Iftikhar I.H.,University of South Carolina | Kline C.E.,University of Pittsburgh | Youngstedt S.D.,University of South Carolina | Youngstedt S.D.,Dorn Medical Center
Lung | Year: 2014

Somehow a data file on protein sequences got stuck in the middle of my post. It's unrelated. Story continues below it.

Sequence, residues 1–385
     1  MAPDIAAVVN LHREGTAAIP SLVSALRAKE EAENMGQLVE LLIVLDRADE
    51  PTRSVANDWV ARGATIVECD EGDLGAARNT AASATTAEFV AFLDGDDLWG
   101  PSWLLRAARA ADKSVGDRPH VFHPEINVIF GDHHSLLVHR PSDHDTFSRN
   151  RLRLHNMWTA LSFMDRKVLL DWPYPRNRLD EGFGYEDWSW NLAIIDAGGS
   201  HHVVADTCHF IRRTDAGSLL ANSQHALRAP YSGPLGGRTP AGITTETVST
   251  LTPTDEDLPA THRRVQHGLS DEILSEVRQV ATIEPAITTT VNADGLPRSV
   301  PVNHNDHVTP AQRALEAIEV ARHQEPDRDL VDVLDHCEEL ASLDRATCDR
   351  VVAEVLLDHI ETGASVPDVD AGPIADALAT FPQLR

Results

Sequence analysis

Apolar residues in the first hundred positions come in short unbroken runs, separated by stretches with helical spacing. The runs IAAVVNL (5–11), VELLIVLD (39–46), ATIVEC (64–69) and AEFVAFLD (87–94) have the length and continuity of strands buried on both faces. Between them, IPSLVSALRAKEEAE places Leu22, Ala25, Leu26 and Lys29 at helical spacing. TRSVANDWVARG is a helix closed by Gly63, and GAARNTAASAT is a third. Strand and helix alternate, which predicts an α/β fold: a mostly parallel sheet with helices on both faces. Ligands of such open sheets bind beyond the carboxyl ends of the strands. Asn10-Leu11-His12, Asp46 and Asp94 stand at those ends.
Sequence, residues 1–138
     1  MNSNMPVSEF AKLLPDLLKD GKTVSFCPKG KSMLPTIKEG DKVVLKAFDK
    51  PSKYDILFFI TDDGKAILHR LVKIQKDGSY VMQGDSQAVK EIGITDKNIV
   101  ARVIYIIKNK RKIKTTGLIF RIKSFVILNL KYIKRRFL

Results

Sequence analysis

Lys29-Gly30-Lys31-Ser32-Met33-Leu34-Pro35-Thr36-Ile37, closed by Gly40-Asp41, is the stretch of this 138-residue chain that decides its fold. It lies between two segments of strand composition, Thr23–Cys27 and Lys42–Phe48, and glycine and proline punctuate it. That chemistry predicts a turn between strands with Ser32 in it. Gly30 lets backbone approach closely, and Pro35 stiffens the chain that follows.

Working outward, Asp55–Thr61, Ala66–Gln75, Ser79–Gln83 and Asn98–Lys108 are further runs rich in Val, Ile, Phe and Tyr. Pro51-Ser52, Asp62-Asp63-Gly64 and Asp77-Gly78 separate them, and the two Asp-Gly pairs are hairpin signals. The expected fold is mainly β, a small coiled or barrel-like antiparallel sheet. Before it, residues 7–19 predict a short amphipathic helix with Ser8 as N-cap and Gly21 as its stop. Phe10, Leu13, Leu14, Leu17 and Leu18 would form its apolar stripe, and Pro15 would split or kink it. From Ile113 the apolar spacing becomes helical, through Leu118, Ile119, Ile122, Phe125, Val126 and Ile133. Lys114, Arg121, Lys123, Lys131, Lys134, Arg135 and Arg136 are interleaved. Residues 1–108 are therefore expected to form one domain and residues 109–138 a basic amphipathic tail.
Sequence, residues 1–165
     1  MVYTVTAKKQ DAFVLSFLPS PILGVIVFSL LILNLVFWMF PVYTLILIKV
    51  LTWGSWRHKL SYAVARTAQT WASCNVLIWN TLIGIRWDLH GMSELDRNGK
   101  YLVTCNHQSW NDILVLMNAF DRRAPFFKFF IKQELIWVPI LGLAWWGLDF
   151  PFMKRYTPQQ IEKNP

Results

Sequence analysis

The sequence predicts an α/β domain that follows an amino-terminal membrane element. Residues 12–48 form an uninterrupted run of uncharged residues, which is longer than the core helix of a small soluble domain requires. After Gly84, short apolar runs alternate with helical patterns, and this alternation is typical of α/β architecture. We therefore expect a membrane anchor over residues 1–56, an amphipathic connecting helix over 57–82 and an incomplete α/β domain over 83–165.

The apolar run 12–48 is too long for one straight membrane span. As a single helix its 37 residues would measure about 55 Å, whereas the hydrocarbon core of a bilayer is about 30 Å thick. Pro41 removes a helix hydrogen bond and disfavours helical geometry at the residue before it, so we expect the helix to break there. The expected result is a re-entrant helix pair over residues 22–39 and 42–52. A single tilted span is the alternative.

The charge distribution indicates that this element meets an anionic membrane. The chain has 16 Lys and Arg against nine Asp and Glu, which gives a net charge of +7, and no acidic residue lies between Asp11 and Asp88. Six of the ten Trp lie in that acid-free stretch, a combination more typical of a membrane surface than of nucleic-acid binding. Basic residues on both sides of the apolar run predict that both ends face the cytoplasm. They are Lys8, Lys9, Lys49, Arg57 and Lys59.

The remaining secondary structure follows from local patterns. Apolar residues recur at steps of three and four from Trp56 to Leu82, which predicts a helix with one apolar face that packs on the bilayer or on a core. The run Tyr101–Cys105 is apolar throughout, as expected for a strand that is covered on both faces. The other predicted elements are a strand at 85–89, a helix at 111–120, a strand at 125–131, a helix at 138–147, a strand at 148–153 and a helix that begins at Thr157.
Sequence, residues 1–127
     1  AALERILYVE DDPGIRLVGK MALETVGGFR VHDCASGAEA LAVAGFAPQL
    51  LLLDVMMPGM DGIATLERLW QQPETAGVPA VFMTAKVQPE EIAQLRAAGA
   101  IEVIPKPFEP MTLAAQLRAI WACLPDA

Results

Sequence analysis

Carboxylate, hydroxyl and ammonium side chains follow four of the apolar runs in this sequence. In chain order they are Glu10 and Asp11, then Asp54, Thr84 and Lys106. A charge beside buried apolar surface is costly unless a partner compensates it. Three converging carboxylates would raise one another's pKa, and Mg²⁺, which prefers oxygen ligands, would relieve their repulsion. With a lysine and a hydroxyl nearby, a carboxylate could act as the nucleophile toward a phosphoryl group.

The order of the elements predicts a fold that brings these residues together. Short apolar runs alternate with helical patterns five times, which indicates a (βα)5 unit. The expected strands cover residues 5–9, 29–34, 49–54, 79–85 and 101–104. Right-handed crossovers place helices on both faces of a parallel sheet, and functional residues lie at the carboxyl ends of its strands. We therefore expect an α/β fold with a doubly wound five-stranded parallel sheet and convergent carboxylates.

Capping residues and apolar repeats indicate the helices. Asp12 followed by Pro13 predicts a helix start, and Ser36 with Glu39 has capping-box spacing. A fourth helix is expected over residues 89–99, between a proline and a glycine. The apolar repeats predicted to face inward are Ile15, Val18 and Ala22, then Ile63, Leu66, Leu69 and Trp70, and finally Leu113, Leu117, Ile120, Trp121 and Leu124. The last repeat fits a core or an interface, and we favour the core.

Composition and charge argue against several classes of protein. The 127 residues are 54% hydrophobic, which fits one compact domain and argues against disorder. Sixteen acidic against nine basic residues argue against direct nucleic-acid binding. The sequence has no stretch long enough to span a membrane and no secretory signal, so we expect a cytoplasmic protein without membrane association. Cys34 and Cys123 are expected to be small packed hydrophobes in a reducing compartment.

Background: Several studies have shown a favorable effect of supervised exercise training on obstructive sleep apnea (OSA). This meta-analysis was conducted to analyze the data from these studies on the severity of OSA (primary outcome) in adults. Secondary outcomes of interest included body mass index (BMI), sleep efficiency, daytime sleepiness and cardiorespiratory fitness. Methods: Two independent reviewers searched PubMed and Embase (from inception to March 6, 2013) to identify studies on the effects of supervised exercise training in adults with OSA. Pre- and postexercise training data on our primary and secondary outcomes were extracted. Results: A total of 5 studies with 6 cohorts that enrolled a total of 129 study participants met the inclusion criteria. The pooled estimate of mean pre- to postintervention (exercise) reduction in AHI was -6.27 events/h (95 % confidence interval [CI] -8.54 to -3.99; p < 0.001). The pooled estimates of mean changes in BMI, sleep efficiency, Epworth sleepiness scale and VO2 peak were -1.37 (95 % CI -2.81 to 0.07; p = 0.06), 5.75 % (95 % CI 2.47-9.03; p = 0.001), -3.3 (95 % CI -5.57 to -1.02; p = 0.004), and 3.93 mL/kg/min (95 % CI 2.44-5.42; p < 0.001), respectively. Conclusions: This meta-analysis shows a statistically significant effect of exercise in reducing the severity of sleep apnea in patients with OSA with minimal changes in body weight. Additionally, the significant effects of exercise on cardiorespiratory fitness, daytime sleepiness, and sleep efficiency indicate the potential value of exercise in the management of OSA. © 2013 Springer Science+Business Media New York. Source